We are delighted to reprint with permission a blog post that gives a unique volunteer perspective on the recent family conference! The author, Chantal Mendes, volunteered taking care of the kids at the children’s program. She describes herself as follows: “I started out as a journalist, became a scientist and am now happily a mix of the two. I currently do clinical research at Partners HealthCare and just applied to medical school, wish me luck!” This blog post originally appeared on her Journalist Doing Science blog.
By Chantal Mendes
This weekend I volunteered at the NAPVI family conference for parents of visually impaired children that was organized by the National Association for Parents of Children with Visual Impairments (NAPVI) and the Jewish Guild for the Blind and it was literally a life-changing experience to the point where this blog post will not do my feelings justice. I love caring for children and have been doing so since before I reached double digits but this was the first time I had ever worked one-on-one with kids who had visual impairments and/or developmental delays and it taught me so much more than I would have imagined.
I have always felt a little uncomfortable being with children who aren’t typical*, but only because I just didn’t know how to act. I think that’s fairly normal but it’s something that people struggle with because it makes them feel bad for some reason, like they are wrong for feeling out of their depth. I don’t think that’s fair. Instead, I think that we should all just acknowledge that sometimes it is disconcerting when you don’t know what to do and that’s why it’s important to get experience doing things that bring you out of your comfort zone so that you can learn how to behave in the kind of situations that you may have difficulty with, like guiding a blind child or playing with one who is in a wheelchair and has limited mobility. Because this is something I’m not great at, I am so glad that I was given the opportunity to work with some amazing educators and volunteers who helped me become comfortable taking care of children with a host of visual and developmental issues.
What I never realized is how fulfilling it would be. I met so many awesome little kids over the one and half days I volunteered at the conference and was really touched by some of them. One of the little boys in particular I decided I wanted to steal away because he was just so adorable. A was three and had retinoschisis (loss of vision due to abnormal retinal behavior) but was otherwise typical. He couldn’t see very well but that didn’t stop him from running around like a little puppy in his tiny sneakers (which he WOULD NOT take off, even for yoga time). I got to talk with his parents later and they were both such sweet people, I was amazed at their positive attitude. It was hard to think that this giggling little boy with his dimples and thick glasses will most likely end up completely blind. It really drove home the point that this is why we do research. Not to publish papers or to get our names out there, we do it so that one day little boys like A can grow up to have all the experiences a sighted kid gets to have. There was also M, a toddler who couldn’t see but ran around giving everyone hugs, S who may have been autistic in addition to low vision and who just wanted to cuddle, and C, a beautiful little girl who couldn’t walk or talk but loved looking at bright colors.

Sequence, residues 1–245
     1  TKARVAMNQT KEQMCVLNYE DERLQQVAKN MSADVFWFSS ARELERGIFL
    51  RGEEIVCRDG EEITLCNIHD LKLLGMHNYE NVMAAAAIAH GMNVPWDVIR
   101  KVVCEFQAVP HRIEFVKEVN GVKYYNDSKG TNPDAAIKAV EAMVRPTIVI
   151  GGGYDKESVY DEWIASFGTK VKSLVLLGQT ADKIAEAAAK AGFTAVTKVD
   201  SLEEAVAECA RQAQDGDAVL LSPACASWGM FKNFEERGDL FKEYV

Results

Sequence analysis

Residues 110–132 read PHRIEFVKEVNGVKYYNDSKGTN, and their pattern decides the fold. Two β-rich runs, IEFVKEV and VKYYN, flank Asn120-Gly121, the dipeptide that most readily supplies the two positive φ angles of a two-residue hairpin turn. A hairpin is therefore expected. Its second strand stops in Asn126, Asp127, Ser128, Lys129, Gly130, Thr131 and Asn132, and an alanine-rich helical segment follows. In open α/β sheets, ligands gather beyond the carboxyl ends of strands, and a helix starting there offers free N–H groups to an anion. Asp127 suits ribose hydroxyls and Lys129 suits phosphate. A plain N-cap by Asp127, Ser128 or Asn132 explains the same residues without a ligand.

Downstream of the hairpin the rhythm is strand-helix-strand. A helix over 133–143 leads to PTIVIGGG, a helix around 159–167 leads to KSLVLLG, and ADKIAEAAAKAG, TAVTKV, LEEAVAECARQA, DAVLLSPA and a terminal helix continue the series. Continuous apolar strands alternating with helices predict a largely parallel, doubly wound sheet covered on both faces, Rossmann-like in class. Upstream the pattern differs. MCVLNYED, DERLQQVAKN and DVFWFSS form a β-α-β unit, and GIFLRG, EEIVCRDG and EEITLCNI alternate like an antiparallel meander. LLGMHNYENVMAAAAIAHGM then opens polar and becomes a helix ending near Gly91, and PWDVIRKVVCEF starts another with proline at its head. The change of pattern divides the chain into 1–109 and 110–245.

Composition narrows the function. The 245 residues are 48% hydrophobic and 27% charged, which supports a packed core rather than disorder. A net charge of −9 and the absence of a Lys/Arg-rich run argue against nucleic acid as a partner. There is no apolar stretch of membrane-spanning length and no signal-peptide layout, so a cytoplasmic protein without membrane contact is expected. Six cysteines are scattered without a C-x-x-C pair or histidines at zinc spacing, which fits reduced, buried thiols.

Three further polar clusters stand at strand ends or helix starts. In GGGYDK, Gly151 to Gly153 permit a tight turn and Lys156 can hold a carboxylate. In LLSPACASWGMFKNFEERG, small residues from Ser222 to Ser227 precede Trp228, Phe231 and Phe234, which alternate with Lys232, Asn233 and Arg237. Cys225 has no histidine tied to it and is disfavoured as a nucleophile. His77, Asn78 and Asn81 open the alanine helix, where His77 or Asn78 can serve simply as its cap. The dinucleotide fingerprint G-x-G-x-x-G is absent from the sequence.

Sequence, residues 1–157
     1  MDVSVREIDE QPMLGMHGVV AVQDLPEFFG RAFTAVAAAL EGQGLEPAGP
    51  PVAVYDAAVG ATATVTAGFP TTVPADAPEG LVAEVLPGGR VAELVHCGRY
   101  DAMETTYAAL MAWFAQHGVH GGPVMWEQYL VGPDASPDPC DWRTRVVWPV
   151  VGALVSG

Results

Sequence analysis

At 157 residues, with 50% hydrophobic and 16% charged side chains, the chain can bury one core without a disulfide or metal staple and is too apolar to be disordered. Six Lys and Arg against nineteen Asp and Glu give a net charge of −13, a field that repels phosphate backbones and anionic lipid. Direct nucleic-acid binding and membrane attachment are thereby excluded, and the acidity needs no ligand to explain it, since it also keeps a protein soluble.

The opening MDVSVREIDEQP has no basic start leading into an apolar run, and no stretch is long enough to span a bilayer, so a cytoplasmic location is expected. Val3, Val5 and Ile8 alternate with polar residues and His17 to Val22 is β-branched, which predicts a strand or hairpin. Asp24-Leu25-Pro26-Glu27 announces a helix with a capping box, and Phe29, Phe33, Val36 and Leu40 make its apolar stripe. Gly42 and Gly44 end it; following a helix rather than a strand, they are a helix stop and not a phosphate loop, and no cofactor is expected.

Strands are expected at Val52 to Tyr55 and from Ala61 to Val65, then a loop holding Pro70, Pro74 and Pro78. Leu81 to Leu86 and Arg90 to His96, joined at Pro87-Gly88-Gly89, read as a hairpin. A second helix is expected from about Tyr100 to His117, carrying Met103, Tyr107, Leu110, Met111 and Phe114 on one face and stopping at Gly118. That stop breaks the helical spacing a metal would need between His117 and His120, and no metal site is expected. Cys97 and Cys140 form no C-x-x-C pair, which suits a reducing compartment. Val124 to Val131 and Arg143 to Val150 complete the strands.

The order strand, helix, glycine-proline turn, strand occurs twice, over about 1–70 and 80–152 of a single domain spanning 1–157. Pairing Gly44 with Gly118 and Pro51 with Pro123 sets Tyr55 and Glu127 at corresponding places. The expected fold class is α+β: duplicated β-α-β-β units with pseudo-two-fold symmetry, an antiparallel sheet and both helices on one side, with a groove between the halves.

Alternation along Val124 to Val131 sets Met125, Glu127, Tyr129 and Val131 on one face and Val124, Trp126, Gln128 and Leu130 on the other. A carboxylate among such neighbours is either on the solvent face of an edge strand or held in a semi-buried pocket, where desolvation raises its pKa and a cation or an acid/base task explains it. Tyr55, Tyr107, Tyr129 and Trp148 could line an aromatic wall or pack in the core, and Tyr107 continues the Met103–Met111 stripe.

I was able to work one-on-one with several children with different issues and it was such an education. I learned how to be a sighted guide, how to appropriately help a child so you aren’t doing everything for them (so they learn to be more self-reliant), and different ways to interact with children who are extremely unresponsive. I also learned that many children with visual impairments have a host of other problems as well, which I had never realized before. I think what struck me the most though was how sweet they all were. I was amazed at the ready smiles on their faces and loved the willingness with which they would seek you out for a hug or hold your hand. By the end of the first day I wanted to adopt half of them.
The highlight was definitely dinner Saturday night which brought together the organizers of the event, parents, and all the kids in one big space. They started playing music at one point and, after one brave boy stepped out onto the dance floor to show off his moves everybody rushed to join. Parents danced with their children who danced with their friends and everybody looked unbelievably happy. There were little ones running around underfoot and children happily dancing along in their wheelchairs. It was a beautiful thing to see and definitely brought tears to my eyes. My heart went out to them all, especially the parents who work with their kids all the time to help them to attain a better quality of life. I only got to play with them for a day and a half and while I loved the experience, it was definitely a challenge and I can’t imagine how hard it must be for the parents. I ended the weekend completely exhausted, bodily and mentally, but so happy that I had gotten to experience the wonderful support there is for families who struggle to be advocates for their children every day.
*This is the term that is generally used to describe a child who is at the appropriate stage of development for his/her age and does not have any motor or sensory disabilities.